Weekly News Roundup 3/8 to 3/14

Service offers travelers free places to stay in exchange for pet sitting

Andrea Sachs is a travel reporter for the Washington Post. She’s been all over the world, but it was a recent trip to South America that gave her a unique experience. “It combined my two great loves, which would be travel and animals,” Sachs says. “So, as a travel writer and [someone who grew] up travelling, that’s what I love to do, and when I’m not traveling, I take care of other people’s pets. Because I travel so much, I can’t have my own.” Sachs flew all the way to Ecuador to watch a dog named Fischer. She watched him for free, and in exchange, they let her stay at their home at no cost. Sachs used a service called TrustedHousesitters. “Not only do the owners get the care for their pet that they want, the sitters have a unique experience,” says Angela Laws with TrustedHousesitters. “They get to visit a place and get to see and explore that place.” . . . more

Banfield Foundation commits $1 million to keep pets and domestic abuse victims together

The Banfield Foundation says it is investing $1 million in its Safer Together initiative to help victims of domestic violence and their pets find pet-friendly shelters. According to a recent study, up to 89% of pet-owning domestic violence victims report their abuser has threatened, injured, or killed the family pet. Further, about 6% to 10% of domestic violence shelters allow animals onsite. The Safer Together grant would allow qualifying nonprofit organizations to apply for funding as they increase their capacity to help people and pets escape domestic violence. “Through our work and the work of other outstanding organizations, we hope to create a world where victims never have to choose between their own safety and the safety of their loved ones, including their pets,” says Banfield Foundation Executive Director, Kim Van Syoc. . . . more

Lead Iditarod sledder quits race when his dogs won’t mush

Stuck on ice with dogs who refused to mush, lead Iditarod sledder Nicolas Petit dropped from the famed Iditarod Trail Sled Dog Race in Alaska late Monday. An early favorite in the world’s best-known dog-sled race, Petit had been stuck for most of the day with his dogs on a section of Bering Sea ice about 200 miles from the finish line in Nome. The dogs refused to move, and Petit ultimately had them taken off the trail by snowmobile. The 1,000-mile race started on March 2 in Anchorage. The winner will take home about $50,000 and a new truck, part of a total race purse of $500,000. Fifty-two mushers started the race. As of Monday night, seven, including Petit, had dropped out. . . . more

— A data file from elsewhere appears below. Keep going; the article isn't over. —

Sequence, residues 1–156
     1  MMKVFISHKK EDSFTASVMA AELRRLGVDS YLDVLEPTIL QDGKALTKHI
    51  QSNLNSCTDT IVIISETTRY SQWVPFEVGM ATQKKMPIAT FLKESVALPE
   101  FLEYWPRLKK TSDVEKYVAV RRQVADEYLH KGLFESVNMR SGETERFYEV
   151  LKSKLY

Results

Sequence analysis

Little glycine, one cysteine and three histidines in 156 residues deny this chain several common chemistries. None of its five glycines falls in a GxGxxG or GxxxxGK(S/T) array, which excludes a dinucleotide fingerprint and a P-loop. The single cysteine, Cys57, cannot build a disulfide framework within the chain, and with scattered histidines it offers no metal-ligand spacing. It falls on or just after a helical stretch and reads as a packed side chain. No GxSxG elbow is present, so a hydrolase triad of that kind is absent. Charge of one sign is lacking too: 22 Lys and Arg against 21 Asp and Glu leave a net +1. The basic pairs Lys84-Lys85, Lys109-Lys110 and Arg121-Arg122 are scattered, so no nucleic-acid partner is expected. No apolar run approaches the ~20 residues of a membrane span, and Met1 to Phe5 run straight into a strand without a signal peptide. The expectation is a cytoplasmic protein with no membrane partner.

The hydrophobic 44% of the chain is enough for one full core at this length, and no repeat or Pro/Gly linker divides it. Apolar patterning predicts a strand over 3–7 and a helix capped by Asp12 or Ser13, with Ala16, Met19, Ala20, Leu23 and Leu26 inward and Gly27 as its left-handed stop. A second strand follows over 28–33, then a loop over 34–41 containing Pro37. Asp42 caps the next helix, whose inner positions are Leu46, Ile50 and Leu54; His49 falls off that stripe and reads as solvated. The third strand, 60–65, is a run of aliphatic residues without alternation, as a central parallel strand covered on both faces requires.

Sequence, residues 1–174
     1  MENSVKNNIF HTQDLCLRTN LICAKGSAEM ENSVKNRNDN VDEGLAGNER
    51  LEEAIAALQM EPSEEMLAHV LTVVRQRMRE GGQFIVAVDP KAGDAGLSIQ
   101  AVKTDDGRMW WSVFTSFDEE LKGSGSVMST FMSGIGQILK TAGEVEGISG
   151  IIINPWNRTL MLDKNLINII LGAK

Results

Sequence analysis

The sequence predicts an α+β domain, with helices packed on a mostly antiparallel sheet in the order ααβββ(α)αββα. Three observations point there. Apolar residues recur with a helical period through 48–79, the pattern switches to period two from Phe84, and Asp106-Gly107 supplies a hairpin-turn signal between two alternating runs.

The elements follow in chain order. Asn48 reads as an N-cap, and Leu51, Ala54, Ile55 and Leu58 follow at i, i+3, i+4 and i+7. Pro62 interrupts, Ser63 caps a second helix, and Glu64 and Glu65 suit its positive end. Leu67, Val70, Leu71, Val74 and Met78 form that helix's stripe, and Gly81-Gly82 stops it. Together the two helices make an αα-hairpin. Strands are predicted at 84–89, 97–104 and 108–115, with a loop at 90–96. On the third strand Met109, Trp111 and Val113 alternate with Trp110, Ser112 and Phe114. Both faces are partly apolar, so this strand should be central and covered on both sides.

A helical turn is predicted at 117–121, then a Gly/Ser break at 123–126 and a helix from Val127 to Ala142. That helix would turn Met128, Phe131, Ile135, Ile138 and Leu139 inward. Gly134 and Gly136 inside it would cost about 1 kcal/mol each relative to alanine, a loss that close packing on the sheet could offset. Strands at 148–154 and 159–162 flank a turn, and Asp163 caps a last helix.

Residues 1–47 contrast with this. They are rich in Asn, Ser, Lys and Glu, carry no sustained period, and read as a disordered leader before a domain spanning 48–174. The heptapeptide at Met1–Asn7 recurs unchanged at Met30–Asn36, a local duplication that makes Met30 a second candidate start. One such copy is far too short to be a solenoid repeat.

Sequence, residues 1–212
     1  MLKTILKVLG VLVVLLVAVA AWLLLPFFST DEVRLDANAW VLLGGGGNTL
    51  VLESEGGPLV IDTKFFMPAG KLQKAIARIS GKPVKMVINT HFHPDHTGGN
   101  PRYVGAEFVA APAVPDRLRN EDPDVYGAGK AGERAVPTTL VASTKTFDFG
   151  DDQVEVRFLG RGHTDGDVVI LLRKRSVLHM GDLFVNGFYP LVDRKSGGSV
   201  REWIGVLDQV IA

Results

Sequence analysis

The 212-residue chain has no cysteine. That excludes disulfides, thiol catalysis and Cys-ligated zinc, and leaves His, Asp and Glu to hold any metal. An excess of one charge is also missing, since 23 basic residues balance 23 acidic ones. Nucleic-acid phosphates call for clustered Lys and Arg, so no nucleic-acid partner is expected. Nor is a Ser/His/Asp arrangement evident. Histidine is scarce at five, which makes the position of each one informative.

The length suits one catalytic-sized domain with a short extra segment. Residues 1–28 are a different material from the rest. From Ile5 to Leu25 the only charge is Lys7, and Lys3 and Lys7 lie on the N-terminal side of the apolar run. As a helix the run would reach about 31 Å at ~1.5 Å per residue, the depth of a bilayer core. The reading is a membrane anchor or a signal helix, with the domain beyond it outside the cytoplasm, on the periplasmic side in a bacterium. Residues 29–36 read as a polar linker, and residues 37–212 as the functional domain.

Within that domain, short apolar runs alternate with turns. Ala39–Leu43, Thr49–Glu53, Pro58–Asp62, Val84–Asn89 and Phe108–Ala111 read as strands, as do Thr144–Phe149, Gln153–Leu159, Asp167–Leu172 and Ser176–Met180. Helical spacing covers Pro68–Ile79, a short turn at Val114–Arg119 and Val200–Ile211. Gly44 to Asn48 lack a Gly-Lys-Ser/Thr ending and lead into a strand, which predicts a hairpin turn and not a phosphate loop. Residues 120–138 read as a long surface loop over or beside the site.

Top US veterinary schools ranked

University of California Davis (UC Davis), Cornell, and Colorado State University held on to the top three spots in US News & World Report’s latest rankings of colleges of veterinary medicine. The list, updated every four years, delivers positive publicity for highly ranked programs but measured responses from the colleges themselves and from the Association of American Veterinary Medical Colleges (AAVMC). AAVMC’s official policy states that the organization “does not endorse third-party ranking systems” and that all of its accredited member institutions “provide a high-quality education that prepares students for success in the many different dimensions of modern professional practice.” UC Davis pointed out that its veterinary program is “ranked first in the US by all three organizations that rank veterinary sciences: US News & World Report, QS World University Rankings, and the Academic Ranking of World Universities.” . . . more

New association aims to increase racial diversity in veterinary medicine

Black Americans have been significantly underrepresented within the veterinary profession for decades. Records show that just 70 black students graduated from US and Canadian veterinary schools between 1889 and 1948. That number increased with the addition of a veterinary school at Tuskegee University, a historically black college, in 1945. More than half a century later, however, black Americans remain chronically underrepresented in veterinary medicine, never comprising more than 3% of the profession at any time. The National Association for Black Veterinarians is a newly created organization with a mission of correcting this historical disparity. . . . more